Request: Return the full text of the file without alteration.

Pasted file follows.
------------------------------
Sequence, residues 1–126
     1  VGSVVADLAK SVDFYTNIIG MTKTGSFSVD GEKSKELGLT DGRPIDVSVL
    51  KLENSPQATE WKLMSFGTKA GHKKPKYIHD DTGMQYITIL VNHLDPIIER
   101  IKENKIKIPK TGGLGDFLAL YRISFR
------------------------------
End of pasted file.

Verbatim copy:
Sequence, residues 1–126
     1  VGSVVADLAK SVDFYTNIIG MTKTGSFSVD GEKSKELGLT DGRPIDVSVL
    51  KLENSPQATE WKLMSFGTKA GHKKPKYIHD DTGMQYITIL VNHLDPIIER
   101  IKENKIKIPK TGGLGDFLAL YRISFR